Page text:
by Shayne Benowitz
Ah, the art of sailing… It really is one of the most peaceful and enjoyable pastimes. At Fury, our 65’ catamarans are equipped with two sails to help us harness wind energy, speed, and of course that tranquil feeling that only comes from being under sail. If you’ve ever wondered about the science of sailing and the proper terminology for the parts that make it work, read on.
The mainsail is the largest sail on any vessel. On our catamarans, it’s located close to the center of the ship. When you board our boat, however, you won’t notice the sail because it will be flaked and resting on the boom, the horizontal bar running aft atop the upper cabin. The first thing you’ll likely notice is the mast, the tall vertical bar that reaches to the sky. These two bars are where the mainsail is attached.
Once we’re underway, the mates will gather by the mast and uncoil the halyard line in order to raise the mainsail. Any ropes you see on a boat are called lines. A halyard is a line that is used to raise a sail. Our mainsail is massive and we need all the help we can get to raise it, so don’t hesitate to volunteer. You’ll become an honorary sailor! And remember, you’re pulling the halyard line.
Once the mainsail is raised, the captain may decide to unfurl the jib. The jib is the smaller sail located at the bow and it is wrapped around a roller furler. We don’t raise the jib. We unfurl it using a sheet. A sheet is a line that is used to control the direction a sail moves horizontally. One of the mates will release the jib sheet and allow the captain to unfurl it from his position at the helm.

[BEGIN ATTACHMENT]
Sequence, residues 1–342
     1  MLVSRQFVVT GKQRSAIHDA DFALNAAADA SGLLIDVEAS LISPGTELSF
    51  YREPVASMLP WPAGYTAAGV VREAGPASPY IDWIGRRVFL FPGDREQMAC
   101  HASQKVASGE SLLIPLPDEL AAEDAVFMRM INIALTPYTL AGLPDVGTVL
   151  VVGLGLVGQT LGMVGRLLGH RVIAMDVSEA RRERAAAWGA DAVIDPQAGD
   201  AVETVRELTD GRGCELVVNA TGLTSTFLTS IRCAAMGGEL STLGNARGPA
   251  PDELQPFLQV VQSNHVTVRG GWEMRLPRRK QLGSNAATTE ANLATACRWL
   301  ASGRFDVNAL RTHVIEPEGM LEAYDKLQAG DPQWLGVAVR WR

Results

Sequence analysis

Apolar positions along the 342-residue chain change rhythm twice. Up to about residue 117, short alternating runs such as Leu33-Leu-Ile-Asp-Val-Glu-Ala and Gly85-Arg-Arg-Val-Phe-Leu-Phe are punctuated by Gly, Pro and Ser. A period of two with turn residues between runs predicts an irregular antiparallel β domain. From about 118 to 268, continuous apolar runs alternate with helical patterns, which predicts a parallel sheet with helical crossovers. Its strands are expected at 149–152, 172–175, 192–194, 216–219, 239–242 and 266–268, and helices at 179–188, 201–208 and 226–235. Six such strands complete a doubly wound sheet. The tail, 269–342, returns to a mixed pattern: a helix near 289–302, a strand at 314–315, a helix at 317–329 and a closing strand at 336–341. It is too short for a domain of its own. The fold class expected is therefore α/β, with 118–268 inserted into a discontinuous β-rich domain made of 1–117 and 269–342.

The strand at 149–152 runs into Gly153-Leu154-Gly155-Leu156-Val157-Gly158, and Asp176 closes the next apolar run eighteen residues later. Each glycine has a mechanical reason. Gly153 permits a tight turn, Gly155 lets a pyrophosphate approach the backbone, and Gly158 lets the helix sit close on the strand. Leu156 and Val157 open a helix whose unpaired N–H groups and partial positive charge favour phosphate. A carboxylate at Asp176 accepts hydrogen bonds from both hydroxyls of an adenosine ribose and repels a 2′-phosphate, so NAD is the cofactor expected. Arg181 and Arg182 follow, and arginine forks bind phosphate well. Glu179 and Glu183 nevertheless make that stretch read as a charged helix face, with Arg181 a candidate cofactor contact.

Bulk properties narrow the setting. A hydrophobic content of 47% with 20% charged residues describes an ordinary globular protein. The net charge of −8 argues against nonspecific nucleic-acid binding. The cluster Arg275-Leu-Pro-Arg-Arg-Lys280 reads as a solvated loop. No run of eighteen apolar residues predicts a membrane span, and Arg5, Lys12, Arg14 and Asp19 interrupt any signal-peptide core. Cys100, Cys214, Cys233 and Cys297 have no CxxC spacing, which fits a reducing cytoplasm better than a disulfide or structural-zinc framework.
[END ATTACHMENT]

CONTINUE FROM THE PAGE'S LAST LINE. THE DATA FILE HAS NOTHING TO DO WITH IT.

With both of these sails up, our Fury catamaran becomes a picturesque sailing vessel on the way out to the coral reef. Relax and enjoy the spectacle!
This terminology is used for all sailing vessels. Different types of boats have different rigging and every sail and line has a special name. Now you’ve got the basic knowledge to set sail onto any horizon. Enjoy!
Shayne Benowitz is a Fury crewmember and freelance writer working on her debut novel. For more travel stories and a daily dose of what’s cool around the globe visit her Wanderlust Website at http://web.me.com/shaynebeth.
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